“But one time I actually asked a question. And he said, ‘Good question, Dave.’ I was like, ‘Wow.’ Because he was just amazingly detailed and just the way he taught was so thorough. What he had us doing was just so sound. That’s why we were as good as we were.”
Which was pretty darn good. Just 10 teams allowed fewer points than the Seahawks (286) in 1990, but six of the 32 touchdowns they surrendered where on returns (four on fumble recoveries, two on punts). So only six defenses allowed fewer TDs than the Seahawks: Giants (21), Steelers (22), 49ers and Chiefs (24) and Dolphins and Raiders (25). All but the Steelers won at least 11 games and advanced to the playoffs.
The Seahawks allowed 17 or fewer points 11 times, and 10 or fewer three times.
The defense that did all this was a mix of the old (linemen Jacob Green, Joe Nash and Jeff Bryant); the new (draft choices Kennedy, Terry Wooden and Robert Blackmon); the borrowed (strong safety and leading tackler Nesby Glasgow); and the in between (Eugene Robinson, Dwayne Harper, Patrick Hunter, Tony Woods and Wyman).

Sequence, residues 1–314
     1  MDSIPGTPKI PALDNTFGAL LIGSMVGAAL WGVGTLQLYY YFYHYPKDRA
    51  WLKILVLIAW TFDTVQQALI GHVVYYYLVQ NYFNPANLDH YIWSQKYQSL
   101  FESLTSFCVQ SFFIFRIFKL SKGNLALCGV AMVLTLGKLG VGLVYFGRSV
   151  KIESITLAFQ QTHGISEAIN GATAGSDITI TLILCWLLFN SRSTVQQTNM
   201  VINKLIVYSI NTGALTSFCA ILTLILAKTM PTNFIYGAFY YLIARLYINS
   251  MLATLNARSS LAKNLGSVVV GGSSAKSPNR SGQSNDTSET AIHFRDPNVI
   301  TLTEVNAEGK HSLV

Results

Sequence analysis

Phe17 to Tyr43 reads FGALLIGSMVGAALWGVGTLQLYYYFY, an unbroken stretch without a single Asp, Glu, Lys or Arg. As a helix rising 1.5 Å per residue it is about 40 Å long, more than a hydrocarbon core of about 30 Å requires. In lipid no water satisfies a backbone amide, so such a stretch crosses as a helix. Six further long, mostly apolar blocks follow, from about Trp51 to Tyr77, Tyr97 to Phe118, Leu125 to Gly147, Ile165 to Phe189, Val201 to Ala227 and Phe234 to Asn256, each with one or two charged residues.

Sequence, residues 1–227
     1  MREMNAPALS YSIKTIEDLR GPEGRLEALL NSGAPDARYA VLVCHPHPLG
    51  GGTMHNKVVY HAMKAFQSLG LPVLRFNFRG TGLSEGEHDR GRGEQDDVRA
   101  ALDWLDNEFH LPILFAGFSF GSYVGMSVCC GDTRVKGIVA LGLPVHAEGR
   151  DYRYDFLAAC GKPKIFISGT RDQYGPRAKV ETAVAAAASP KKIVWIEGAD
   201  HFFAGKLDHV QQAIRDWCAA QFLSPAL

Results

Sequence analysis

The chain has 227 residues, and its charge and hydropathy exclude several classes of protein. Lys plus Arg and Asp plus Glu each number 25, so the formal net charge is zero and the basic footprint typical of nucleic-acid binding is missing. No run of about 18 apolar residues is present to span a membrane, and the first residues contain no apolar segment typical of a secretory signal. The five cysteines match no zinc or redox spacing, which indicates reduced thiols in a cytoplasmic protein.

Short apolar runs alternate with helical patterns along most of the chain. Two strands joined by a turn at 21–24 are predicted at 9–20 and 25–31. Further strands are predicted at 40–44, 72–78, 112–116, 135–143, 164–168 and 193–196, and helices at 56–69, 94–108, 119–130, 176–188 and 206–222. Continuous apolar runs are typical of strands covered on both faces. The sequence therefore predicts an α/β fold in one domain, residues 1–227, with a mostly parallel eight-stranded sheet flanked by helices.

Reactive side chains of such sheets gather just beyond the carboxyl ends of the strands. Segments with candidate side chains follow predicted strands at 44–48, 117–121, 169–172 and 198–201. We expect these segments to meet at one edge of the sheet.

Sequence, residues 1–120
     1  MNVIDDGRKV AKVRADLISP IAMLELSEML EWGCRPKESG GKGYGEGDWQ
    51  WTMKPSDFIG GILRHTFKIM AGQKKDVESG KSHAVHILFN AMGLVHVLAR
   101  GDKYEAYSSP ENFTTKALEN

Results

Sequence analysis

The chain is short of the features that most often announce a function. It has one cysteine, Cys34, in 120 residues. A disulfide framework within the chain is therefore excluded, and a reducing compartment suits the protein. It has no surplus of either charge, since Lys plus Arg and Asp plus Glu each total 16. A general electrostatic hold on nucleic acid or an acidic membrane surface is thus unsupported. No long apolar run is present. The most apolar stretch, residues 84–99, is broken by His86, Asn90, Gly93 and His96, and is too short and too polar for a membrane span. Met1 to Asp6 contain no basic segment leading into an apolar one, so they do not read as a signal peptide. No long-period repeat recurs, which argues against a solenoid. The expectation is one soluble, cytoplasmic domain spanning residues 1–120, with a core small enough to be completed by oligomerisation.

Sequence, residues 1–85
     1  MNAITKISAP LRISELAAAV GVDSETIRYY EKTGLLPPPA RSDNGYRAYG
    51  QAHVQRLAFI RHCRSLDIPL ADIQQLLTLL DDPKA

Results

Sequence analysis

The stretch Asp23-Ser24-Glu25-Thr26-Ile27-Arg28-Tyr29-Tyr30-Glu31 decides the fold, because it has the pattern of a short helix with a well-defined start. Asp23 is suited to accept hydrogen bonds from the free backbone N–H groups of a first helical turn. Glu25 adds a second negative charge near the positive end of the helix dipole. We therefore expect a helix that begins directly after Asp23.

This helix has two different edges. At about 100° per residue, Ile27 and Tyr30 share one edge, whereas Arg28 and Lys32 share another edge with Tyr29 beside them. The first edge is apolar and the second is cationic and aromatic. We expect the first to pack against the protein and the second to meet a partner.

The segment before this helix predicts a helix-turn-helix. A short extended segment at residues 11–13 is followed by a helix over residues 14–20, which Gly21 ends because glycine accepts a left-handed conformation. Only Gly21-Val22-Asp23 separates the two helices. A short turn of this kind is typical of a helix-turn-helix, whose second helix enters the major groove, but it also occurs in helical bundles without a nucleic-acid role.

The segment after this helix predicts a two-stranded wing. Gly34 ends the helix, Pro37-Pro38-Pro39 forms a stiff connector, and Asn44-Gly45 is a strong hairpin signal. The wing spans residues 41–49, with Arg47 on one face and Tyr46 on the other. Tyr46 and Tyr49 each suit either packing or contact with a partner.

Green led the club with 12½ sacks, in his next-to-last season with the Seahawks. Robinson had 82 tackles – one less than Glasgow – and three interceptions to share the team lead with Harper.
But Catlin also had to overcome a rash of injuries to his linebackers that claimed, at one time or another, Wyman (eight games), Darren Comeaux (eight games), Wooden (eight games) and Rufus Porter (four games) – leaving Catlin to start Joe Cain and Dave Ahrens, who had been signed during the season.
“That’s a good testament to Tom Catlin,” Wyman said. “He just plugged them into that defense and everybody knew what to do. Tom was just so good at getting people ready and coaching them up.”
The ’90 season also featured one of the most memorable plays in franchise history. It happened on Nov. 11 at Arrowhead Stadium, when QB Dave Krieg somehow whirled away from what appeared to be an eighth sack by the Chiefs’ Derrick Thomas and fired a 25-yard pass to Paul Skansi, who made a leaping catch in the end zone as time expired to tie the score at 16 – at a venue where the Seahawks had not won since 1980.